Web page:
VATICAN CITY (AP) â On Christianityâs most joyful day, Pope Francis called for peace in a world marked by war and conflict, âbeginning with the beloved and long-suffering land of Syriaâ and extending to Israel, where 15 Palestinians were killed on the Israeli-Gaza border two days before Easter Sunday.
Francis reflected on the power of Christianityâs core belief â that Jesus rose from the dead following crucifixion â in his formal âUrbi et Orbiâ Easter message delivered from the balcony of St. Peterâs Basilica to a packed square of some 80,000 faithful below.
âIt bears fruits of hope and dignity where there are deprivation and exclusion, hunger and unemployment; where there are migrants and refugees, so often rejected by todayâs culture of waste, and victims of the drug trade, human trafficking and contemporary forms of slavery,â the pope said.
The pope also urged reconciliation in Israel, a place âexperiencing in these days the wounds of ongoing conflict that do not spare the defenceless.â His remarks followed the Friday deaths of Palestinian protesters who charged toward Gazaâs border with Israel, the areaâs deadliest violence in four years.
The pope also urged more steps to bring harmony to divided Ukraine, called for peace in South Sudan and the Democratic Republic of Congo and appealed for the world not to forget victims of conflict, especially children.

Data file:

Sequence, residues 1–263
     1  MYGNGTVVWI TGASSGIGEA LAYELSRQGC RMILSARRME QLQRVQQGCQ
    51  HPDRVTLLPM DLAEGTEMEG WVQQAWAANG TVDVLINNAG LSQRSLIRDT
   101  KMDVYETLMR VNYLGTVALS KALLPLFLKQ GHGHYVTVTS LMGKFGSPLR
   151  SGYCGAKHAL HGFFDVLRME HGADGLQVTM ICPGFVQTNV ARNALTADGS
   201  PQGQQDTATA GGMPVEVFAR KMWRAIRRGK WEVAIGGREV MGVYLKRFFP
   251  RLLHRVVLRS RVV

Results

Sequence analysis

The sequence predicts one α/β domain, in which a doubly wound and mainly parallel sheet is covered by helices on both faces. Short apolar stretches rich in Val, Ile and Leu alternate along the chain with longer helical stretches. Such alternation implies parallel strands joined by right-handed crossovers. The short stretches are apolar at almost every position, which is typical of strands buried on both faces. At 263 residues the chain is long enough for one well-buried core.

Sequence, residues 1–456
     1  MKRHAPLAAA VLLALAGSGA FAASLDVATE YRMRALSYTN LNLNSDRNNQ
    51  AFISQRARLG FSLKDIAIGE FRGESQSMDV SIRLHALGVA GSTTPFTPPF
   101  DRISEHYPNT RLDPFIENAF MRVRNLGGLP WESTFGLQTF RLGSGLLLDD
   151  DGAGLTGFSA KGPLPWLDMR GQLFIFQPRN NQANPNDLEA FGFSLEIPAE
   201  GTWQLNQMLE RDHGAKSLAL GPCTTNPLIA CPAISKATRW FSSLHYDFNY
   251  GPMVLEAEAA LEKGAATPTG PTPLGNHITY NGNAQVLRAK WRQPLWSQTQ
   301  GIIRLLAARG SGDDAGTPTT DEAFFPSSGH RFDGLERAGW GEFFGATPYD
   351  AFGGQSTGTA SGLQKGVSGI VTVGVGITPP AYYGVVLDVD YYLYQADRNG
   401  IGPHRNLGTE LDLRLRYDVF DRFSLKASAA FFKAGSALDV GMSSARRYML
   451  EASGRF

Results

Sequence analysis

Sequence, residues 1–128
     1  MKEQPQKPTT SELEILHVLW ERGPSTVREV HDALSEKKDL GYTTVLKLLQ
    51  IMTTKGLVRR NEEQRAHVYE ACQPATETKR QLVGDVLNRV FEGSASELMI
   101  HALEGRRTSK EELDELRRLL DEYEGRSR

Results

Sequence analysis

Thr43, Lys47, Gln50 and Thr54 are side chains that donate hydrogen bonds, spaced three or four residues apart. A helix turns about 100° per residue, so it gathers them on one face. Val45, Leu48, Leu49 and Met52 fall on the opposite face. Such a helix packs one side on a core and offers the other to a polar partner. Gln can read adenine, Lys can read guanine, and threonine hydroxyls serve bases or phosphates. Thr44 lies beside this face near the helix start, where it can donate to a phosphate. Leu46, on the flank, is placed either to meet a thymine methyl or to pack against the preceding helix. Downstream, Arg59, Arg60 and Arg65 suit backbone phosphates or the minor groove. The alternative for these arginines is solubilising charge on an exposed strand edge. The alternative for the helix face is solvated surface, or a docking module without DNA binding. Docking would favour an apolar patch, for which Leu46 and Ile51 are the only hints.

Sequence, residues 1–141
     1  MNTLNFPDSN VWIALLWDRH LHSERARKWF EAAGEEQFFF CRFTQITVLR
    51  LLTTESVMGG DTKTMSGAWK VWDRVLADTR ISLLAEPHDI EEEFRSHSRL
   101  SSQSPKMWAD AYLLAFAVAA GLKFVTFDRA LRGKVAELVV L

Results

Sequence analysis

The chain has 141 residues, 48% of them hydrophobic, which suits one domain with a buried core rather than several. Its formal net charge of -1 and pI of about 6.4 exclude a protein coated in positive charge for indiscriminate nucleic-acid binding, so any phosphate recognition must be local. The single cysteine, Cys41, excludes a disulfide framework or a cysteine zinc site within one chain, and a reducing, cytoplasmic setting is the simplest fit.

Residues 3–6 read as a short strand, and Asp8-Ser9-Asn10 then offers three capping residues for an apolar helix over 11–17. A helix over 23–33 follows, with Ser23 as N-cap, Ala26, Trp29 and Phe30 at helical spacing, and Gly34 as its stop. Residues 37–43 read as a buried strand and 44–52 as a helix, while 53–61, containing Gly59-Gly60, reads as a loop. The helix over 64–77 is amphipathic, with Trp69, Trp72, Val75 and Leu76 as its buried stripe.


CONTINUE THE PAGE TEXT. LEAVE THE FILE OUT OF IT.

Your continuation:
âMay there be no lack of solidarity with all those forced to leave their native lands and lacking the bare essentials for living,â said Francis, who has often championed the cause of migrants and refugees.
Earlier, tens of thousands of faithful underwent heavy security checks to enter St. Peterâs Square to participate in Easter Sunday Mass celebrated by the pope, followed by his âUrbi et Orbiâ message (âto the city and the world.â)
Security precautions included bag checks and metal detector wands for everyone entering the square, while the main avenue leading to the Vatican, as well as smaller adjoining streets, were closed to traffic.
Elsewhere, hundreds of Christians marked Easter by flocking to Jerusalemâs Church of the Holy Sepulchre, built on the site where they believe Jesus was crucified, buried and resurrected.